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Loneliness in the daily lives of university students : an experience sampling study exploring the role of social context and trait measures of loneliness and self-compassion

Gütges, I.D. (2020) Loneliness in the daily lives of university students : an experience sampling study exploring the role of social context and trait measures of loneliness and self-compassion.

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Abstract:Background: Loneliness is typically investigated as a stable trait-like concept within cross-sectional studies using retrospective questionnaires. Recently, the experience sampling method has attracted attention for measuring affect as a momentary state to provide insights into the dynamics of emotional experience over time. The purpose of this study was to explore the in the moment experiences of state loneliness in the daily life of university students. Specifically, daily state levels of loneliness were explored in the light of different social contexts, as well as in relation to trait measures of loneliness and self-compassion. Methods: In a sample of 35 university students, state loneliness and the social context were assessed three times a day over the course of one week via the smartphone application TiiM. On the last day, the retrospective UCLA Loneliness and Self-Compassion Short Form scales were administered. Linear Mixed Modeling was implemented to estimate marginal means of state loneliness per person over all measurement points as well as the mean levels of state loneliness for the whole group per measurement point. Furthermore, means of state loneliness for each social context (alone, non-intimate company, intimate company) were computed and compared. Carry-over effects of the social context on state loneliness at the next measurement were examined by means of lagged Linear Mixed Modeling. Finally, Pearson correlations were conducted between the marginal means per person over all measurement points and either trait loneliness or trait self-compassion to explore the association between state loneliness and trait loneliness and self-compassion. Results: Levels of state loneliness varied between and within persons. Students were most lonely without company, followed by non-intimate company and least lonely when they were in intimate company. The current social context appeared to mostly determine the level of loneliness in the moment with the exception of a carry-over effect of increased loneliness when students were alone after being in non-intimate company. Lastly, students that scored higher on trait loneliness also showed to have higher scores on state loneliness (r = .66, p < .01) and higher levels of trait self-compassion were associated with lower levels of state loneliness in university students (r = -.51, p < .01). Conclusions: This study extends the previous knowledge of loneliness by stressing loneliness to be a dynamic experience that is mostly dependent on the concurrent social context. Students scoring high on trait loneliness experience higher levels of state loneliness over the week while trait self-compassion reveals to be a protective factor for state loneliness. This study provides a theoretical base for future studies to build comprehensive theory integrating state loneliness in connection to context and trait variables to conduct research that could eventually help students cope with experiences of loneliness.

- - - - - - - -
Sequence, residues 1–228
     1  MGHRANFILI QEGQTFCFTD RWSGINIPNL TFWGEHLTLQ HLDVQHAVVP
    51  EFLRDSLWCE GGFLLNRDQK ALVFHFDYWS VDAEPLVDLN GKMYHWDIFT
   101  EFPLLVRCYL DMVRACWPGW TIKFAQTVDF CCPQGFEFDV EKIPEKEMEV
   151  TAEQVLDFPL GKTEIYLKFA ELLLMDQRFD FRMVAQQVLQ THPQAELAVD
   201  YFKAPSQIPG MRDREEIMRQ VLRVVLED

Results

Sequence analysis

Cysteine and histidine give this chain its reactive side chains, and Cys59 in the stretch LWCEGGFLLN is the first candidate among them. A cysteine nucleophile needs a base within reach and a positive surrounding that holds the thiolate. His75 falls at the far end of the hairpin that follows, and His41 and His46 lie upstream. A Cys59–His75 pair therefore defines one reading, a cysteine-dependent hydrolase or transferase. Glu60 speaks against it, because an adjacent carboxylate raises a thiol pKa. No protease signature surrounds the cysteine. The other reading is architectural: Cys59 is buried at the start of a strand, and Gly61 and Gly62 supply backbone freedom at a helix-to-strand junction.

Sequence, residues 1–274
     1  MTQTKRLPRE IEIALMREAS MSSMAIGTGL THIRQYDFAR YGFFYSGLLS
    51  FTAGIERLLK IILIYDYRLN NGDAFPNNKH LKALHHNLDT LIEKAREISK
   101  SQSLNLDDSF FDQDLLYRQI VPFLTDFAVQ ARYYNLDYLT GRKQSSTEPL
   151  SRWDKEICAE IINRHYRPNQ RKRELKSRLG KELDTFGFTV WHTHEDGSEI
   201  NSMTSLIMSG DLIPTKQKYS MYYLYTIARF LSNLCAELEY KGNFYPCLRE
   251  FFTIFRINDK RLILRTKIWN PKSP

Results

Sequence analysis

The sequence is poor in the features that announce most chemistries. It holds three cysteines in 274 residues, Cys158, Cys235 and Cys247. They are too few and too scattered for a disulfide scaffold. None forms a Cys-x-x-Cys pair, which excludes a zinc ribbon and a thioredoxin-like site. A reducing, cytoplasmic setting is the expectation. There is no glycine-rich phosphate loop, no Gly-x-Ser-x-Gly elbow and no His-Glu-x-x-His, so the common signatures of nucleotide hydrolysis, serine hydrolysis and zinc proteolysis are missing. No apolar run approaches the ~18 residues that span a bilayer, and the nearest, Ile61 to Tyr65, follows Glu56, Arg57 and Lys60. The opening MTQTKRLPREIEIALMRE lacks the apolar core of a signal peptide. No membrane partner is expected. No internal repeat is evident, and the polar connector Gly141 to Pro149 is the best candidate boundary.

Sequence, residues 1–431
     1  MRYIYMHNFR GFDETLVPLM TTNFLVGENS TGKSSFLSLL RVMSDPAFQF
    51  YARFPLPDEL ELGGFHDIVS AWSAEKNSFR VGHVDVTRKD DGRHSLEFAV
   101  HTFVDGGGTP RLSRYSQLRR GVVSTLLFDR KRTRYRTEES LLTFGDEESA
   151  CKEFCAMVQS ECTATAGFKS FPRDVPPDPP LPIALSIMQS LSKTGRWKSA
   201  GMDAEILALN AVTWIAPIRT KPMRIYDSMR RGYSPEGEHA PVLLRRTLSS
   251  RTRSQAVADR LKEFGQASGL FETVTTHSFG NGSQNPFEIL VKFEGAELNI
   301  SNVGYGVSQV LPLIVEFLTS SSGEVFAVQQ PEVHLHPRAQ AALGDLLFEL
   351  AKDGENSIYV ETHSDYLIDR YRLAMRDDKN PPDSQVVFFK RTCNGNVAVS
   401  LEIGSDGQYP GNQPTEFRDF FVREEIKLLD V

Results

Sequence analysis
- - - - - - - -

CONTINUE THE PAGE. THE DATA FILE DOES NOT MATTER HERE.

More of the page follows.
Item Type:Essay (Master)
Faculty:BMS: Behavioural, Management and Social Sciences
Subject:77 psychology
Programme:Psychology MSc (66604)
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